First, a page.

|Born||Geoffrey Richard Gollop
23 February 1955
Bristol, United Kingdom
|Political party||Conservative (since 1973)|
|Spouse(s)||Bernice (m. 1990 or 1991)|
|Alma mater||Clifton College
Fitzwilliam College, Cambridge
Geoffrey Richard "Geoff" Gollop, OBE (born 23 February 1955) is a Conservative politician, the Deputy Mayor of Bristol, the former Lord Mayor of Bristol, and the former Deputy Lord Mayor of Bristol. He was the Conservative candidate for the first directly-elected Mayor of Bristol in 2012.
Gollop was born at Bristol Maternity Hospital and has lived his entire life in the city, having been brought up in Henbury, where he attended Blaise Primary School. He then attended Clifton College, and after that went up to Fitzwilliam College, Cambridge. Thereafter he trained in accounting, became a Chartered Accountant and worked in accounting firms, before being made redundant and setting up his own business. Geoff Gollop & Co merged with accounting firm Milsted Langdon in 2013, with Gollop joining the latter as a director.
Gollop is married to Bernice and has two children, Mark and Lorna. He is a Methodist and supports Bristol Rovers F.C. and Bristol City F.C. His other interests include musical theatre and travel. He joined the Conservative Party in 1973. He is a former school governor of Henbury School and Henleaze Junior School, and a former church warden of St Mary's Church, Henbury.
Gollop was inspired to enter local politics by the issue of secondary education and by his father Philip, a former Councillor for the Henbury ward, and he has been a Conservative Councillor on Bristol City Council since June 2001, representing the Westbury-on-Trym ward.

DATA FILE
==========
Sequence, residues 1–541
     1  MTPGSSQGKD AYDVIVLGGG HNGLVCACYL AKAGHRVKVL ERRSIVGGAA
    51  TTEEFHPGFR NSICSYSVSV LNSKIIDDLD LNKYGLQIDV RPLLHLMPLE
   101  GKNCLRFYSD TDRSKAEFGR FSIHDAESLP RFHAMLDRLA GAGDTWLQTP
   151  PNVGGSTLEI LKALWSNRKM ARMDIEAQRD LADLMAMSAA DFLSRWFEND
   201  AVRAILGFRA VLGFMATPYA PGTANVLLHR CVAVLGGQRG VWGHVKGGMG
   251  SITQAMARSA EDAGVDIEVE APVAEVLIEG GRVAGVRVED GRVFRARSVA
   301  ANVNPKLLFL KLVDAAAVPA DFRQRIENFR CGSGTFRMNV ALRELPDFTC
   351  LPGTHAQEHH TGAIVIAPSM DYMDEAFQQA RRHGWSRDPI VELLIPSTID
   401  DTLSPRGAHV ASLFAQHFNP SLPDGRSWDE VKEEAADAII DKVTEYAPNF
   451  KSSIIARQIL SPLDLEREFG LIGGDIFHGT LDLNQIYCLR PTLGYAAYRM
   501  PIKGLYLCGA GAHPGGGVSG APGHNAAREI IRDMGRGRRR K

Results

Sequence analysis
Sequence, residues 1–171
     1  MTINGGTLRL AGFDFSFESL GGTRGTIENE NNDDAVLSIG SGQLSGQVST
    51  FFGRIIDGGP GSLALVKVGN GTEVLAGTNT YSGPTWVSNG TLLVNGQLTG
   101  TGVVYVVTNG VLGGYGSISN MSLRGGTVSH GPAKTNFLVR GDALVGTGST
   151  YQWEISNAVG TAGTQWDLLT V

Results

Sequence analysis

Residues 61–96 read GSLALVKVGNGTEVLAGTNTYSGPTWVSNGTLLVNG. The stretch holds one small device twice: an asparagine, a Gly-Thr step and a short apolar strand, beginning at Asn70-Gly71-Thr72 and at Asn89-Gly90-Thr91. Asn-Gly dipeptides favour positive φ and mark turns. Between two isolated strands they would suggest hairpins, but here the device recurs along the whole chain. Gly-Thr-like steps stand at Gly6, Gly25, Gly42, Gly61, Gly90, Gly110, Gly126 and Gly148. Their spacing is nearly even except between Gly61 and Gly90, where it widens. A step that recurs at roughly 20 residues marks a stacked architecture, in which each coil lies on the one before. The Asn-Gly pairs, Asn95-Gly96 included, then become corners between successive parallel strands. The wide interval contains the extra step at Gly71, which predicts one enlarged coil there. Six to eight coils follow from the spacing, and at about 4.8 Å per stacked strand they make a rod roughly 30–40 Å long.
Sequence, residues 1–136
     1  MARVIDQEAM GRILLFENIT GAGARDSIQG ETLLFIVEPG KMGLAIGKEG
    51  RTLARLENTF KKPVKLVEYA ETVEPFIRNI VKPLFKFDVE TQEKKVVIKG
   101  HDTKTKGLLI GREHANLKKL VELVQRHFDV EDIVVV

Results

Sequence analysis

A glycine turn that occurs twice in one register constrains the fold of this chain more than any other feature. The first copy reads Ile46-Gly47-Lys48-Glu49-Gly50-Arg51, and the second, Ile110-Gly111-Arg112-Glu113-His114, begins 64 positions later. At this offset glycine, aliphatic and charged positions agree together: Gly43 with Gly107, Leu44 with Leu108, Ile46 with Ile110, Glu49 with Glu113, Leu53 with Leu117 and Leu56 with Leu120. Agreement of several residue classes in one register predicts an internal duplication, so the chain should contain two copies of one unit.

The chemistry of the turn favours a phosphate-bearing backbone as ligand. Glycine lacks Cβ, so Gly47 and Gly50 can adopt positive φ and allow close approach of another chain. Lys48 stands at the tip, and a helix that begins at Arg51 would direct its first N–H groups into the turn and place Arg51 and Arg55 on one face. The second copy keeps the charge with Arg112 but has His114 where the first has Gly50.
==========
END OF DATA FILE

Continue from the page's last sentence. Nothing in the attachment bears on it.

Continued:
In 2011, Gollop was appointed the Lord Mayor of Bristol, and in 2012 he was appointed the Deputy Lord Mayor of Bristol. On 7 August 2012, he was selected to be the Conservative candidate for the first directly-elected Mayor of Bristol, having defeated former three-time Lord Mayor and Bristol City Council's Conservative group leader, Peter Abrahams, and former Councillor, Barbara Lewis. Receiving support from the Mayor of London, Boris Johnson, Gollop campaigned on transport, education, inequality and Council culture. His specific policies included a freeze or reduction in Council Tax, lower fares on public transport, and business rates relief for independent shops. In the election on 15 November, Gollop lost to independent candidate George Ferguson, coming third, with 9.13% of the first-preference votes, behind Ferguson and the Labour Party candidate Marvin Rees. Gollop attributed the result to "a real disillusionment with party politics". After the election, Mayor Ferguson appointed Gollop as the Deputy Mayor of Bristol, and as the Cabinet member with responsibility for finance and corporate services.
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